Unfortunately, short hair doesn't mean less shedding. Even smaller breeds like Pugs and Beagles can shed an amazing amount of fur. And don't forget about shedding season! That's right - twice a year your pup will treat you to a hurricane of loose fur that will cover your floors, furniture, and clothes.
So how do we control it? Being a professional groomer for 10 years I've managed to narrow down the list of good and bad tools. Thankfully, it's inexpensive and easy to do. Just follow our deshedding routine and you can reclaim your house from the furballs.
Why Dogs Shed
Dog hair is similar to human hair in that old and damaged hairs are released to make room for new incoming hairs, dogs just have a lot more hair to lose. Therefore, shedding is a completely healthy and normal response that you can expect year round.
In some cases extreme hair loss can be attributed to conditions such as stress, physical pain, or nutritional deficiencies. Also, hormonal changes such as pregnancy, or being spayed or neutered, can cause temporary fluctuations in shedding.
Itchiness can lead to more scratching, which can lead to a lot of extra shedding. Check your dog for fleas, tickets, or parasites, or if they may have developed allergies.
In each case you must consult with a vet to better understand the root of the problem, so that you may resolve it.
Twice a year you'll be treated to a full "blow out", where you'll be faced with a seemingly endless amount of shedding hair. You have entered the dreaded Shedding Season.
Double-coated breeds will naturally adjust the thickness of their coat based on temperature and daylight hours, therefore you can expect two big spikes in shedding every year - Spring and Fall. We call this "Blowing their Coat", and it often causes owners to question their own sanity.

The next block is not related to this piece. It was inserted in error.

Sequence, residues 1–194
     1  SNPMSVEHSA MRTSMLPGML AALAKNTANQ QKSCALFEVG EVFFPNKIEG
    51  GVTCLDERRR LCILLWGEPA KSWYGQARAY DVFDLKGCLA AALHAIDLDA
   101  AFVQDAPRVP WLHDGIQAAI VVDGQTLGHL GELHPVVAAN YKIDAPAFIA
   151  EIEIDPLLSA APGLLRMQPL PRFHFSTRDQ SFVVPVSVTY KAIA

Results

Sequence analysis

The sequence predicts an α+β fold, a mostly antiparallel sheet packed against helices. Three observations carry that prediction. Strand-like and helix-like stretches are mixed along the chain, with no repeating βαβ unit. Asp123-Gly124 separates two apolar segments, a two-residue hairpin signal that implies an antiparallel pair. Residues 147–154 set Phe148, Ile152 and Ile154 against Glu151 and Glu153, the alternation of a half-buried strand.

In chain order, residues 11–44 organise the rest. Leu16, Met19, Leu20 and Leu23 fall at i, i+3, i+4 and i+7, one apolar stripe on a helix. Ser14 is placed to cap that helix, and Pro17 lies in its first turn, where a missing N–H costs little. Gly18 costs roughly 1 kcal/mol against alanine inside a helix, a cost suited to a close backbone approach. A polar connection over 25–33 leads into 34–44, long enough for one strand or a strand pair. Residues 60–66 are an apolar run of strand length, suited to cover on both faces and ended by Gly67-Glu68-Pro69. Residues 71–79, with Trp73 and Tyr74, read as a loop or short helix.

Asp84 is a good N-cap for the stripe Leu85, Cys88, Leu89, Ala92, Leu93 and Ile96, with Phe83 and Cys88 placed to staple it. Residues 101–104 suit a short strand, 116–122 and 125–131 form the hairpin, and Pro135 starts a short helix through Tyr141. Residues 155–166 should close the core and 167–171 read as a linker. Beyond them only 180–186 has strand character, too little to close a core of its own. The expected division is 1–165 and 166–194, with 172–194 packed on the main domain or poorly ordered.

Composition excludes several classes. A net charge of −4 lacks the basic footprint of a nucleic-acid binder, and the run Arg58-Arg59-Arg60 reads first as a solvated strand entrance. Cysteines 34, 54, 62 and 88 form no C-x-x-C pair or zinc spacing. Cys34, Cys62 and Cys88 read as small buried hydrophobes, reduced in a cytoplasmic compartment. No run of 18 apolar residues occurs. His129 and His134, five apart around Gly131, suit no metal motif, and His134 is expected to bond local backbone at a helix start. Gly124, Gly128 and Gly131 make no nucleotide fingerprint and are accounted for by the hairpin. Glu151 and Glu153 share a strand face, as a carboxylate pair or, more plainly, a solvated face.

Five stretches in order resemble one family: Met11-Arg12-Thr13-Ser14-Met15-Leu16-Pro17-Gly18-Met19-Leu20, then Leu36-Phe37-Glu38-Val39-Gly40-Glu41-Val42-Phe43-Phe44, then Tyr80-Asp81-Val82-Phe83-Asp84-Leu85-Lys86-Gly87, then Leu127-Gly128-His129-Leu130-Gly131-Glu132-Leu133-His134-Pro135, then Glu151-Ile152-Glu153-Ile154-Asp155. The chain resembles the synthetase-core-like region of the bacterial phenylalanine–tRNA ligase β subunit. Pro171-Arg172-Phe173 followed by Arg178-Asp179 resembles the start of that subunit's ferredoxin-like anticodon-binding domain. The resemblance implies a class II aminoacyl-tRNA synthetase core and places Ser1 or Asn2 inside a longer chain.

This hurricane of shedding typically lasts for 4 - 6 weeks, during which owners have to weather the storm until it's over. Thankfully, there are ways to control this shedding period with a few inexpensive tools.
How To Get Control of Shedding
The single most effective way to control shedding is with the tried and true methods - brushing and bathing. But, with the help of a few tools and methods it makes this process easy.
During routine grooming, run your hands over their skin and search for any abnormal lumps or bumps. Some breeds are prone to developing tumors, especially as they age. These are not always cancerous, however discovering and examining these bumps early can help you and your vet determine the best course of action.
Brushing with the Right Tools (Why it's Important)
With such a huge selection of grooming tools it's easy to get lost in the fur free craze. Just keep in mind that short hair means there is only a small barrier between a brush and skin. In that case, your brush needs to be very gentle and soft or else you'll risk irritation (AKA brush burn).
What we recommend is a soft rubber brush. They last a lifetime, won't irritate skin, and won't strip out natural oils from your dog's coat.